Ever since the reign of the emperor (Saint) Justinian I (AD 527-565) — who attempted to drive out foreign invaders from the west and reunite the whole of the empire — the east and the west were being driven apart.
After the invasion (by the Avars and Slavs) of the Balkan peninsula and the conquest of the middle east and northern Africa by the Muslims, the east and the west were quite literally separated and it became very difficult for trade, much less religious dialogue, to continue as freely as anyone would’ve liked.
When the Franks (led by Charles I) ultimately took hold of the western half of the Roman empire in the 8th and 9th centuries, the divide between east and west became much more pronounced. Disagreements over the proper use of Icons as well as the married priesthood, the addition of the Filioque clause to the Nicene-Constantinopolitan Creed and other doctrinal disagreements only further added fuel to the fire.
A next step towards division came with the disputes over the rightful Patriarch of the see of Constantinople (Photius or Ignatius I), in which the imperial family of the east and the Pope of Rome (Nicholas) found themselves in direct conflict. Incidental to this dispute came another round of both political (quibbles over the land of Bulgaria, Illyricum and southern Italy) and theological debate (Filioque clause). However, reunion was temporarily found in the eighth General Council (the Fourth Council of Constantinople, c. AD 879-880) between the churches of the east and the see of Rome.
Due to the inclusion of the Filioque in a letter from Pope Sergius IV to Patriarch Sergius of Constantinople in 1009, from that point forward, the Roman Pope was never again included in the Diptychs of Constantinople (there is some dispute over this letter and the reasoning behind the exclusion from the Diptychs). While the Papacy and the Church of Rome “held out” for a few centuries under Frankish rule, refusing to acknowledge the addition of the Filioque to the Creed, the Roman see finally “officially” succumbed to this uncanonical and heterodox innovation in the year 1014, when the Creed was sung with the Filioque included at the coronation of emperor Henry II in Rome.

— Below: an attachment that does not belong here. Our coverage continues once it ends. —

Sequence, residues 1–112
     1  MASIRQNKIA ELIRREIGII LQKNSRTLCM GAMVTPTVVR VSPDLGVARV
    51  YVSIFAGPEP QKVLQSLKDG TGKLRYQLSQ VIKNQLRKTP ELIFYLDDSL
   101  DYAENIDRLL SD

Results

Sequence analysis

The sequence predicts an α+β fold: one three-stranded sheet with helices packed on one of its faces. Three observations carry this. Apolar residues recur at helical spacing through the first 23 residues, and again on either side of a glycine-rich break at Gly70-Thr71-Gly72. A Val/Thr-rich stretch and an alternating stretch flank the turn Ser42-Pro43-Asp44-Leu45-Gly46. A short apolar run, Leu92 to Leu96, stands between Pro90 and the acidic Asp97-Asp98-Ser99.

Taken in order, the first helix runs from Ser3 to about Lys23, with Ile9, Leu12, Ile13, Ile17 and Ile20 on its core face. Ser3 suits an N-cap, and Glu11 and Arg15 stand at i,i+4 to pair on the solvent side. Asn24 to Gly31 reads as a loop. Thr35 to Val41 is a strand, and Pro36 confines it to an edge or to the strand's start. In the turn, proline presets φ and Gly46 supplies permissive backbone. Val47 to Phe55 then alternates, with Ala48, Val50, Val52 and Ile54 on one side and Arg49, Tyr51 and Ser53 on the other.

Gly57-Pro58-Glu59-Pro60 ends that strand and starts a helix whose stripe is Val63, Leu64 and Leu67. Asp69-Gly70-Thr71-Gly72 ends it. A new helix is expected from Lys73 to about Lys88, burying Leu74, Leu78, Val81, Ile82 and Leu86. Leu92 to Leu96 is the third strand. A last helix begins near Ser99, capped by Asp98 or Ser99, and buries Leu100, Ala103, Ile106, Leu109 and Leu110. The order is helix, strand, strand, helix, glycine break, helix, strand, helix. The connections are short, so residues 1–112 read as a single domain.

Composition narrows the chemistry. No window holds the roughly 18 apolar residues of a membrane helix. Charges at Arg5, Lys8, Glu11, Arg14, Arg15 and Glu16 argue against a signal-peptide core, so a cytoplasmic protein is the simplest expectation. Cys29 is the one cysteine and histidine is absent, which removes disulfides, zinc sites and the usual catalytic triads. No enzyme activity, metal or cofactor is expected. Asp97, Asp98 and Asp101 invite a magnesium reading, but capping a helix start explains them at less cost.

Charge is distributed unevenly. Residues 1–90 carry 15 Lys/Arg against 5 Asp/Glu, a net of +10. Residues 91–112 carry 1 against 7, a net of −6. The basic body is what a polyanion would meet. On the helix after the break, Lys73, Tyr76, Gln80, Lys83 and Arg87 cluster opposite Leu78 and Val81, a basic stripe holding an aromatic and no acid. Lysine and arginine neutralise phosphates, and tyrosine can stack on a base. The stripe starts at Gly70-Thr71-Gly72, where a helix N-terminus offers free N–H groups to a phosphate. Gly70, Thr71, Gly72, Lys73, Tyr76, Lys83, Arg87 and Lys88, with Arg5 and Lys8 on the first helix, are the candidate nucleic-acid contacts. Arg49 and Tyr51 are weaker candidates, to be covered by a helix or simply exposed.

In the year 1052, a dispute arose over some Greek churches in Norman-controlled Italy that were forced to adopt Latin liturgical rites and practices. In turn, Patriarch Michael (Cerularius) of Constantinople requested that the Latin-rite churches in Constantinople adopt the Greek liturgical forms. When they refused to conform to this request, he had them shut down completely. Beyond the “usual” objections (e.g. the Filioque), Michael also strongly objected to the Latin-rite usage of “azymes” (unleavened bread) in the Eucharist.
In 1053, Patriarch Michael sent a friendly letter to Pope Leo IX, and the Pope in turn sent a group of legates to Constantinople to supposedly work towards reconciliation. Unfortunately, Cardinal Humbert (of Rome) was not entirely committed to peace, and his hot temper led to a forged bull of excommunication (directed towards Patriarch Michael, and accusing the Greeks of nonsense such as omitting the Filioque from the Creed) being slapped on the altar at Hagia Sophia, as they quickly retreated back to Rome. Michael in turn excommunicated Humbert (not the Pope), and in the year 1054, there was a definite demarcation between Rome and Constantinople, although friendly relations continued for many years.
Perhaps the greatest contributor to the schism between the east and the west was due to the Crusades, led by the so-called “Holy Roman Empire” of the west. Emperor Alexios I of Constantinople had requested assistance from Pope Urban II of Rome in the retaking of Anatolia, but this mission soon expanded to be primarily focused on the retaking of Jerusalem from the Muslim Turks.
Both Antioch and Jerusalem were retaken by the Crusaders in 1098 and 1099 respectively, but they were not returned to the Byzantine empire. Instead, the Latins installed new Latin Patriarchs (alongside the Greeks) in both places, and the population in Antioch refused to accept the new Latin Patriarch, leading to a local schism. When the Muslim leader Saladin recaptured Jerusalem in 1187, the local population of Jerusalem was left divided between both a Latin and Greek Patriarch, bringing schism down to the popular level (being no longer isolated to the Patriarchal or imperial level).
The “Great Schism” was made final when the Fourth Crusade (at the suggestion of Alexius, son of Isaac Angelus, the recently dispossessed emperor of Constantinople) embarked to the city of Constantinople in the year 1204. When attempts to restore Angelus to the throne of Byzantium failed, the crusaders sacked Constantinople and sieged the city for three brutal days, plundering countless relics and icons, destroying churches, killing peasants and leaving destruction in their wake. A Latin kingdom was established in Constantinople, and this endured until the year 1261, when the Greeks retook their city from the Latins.
The schism between the east and the west was finally complete.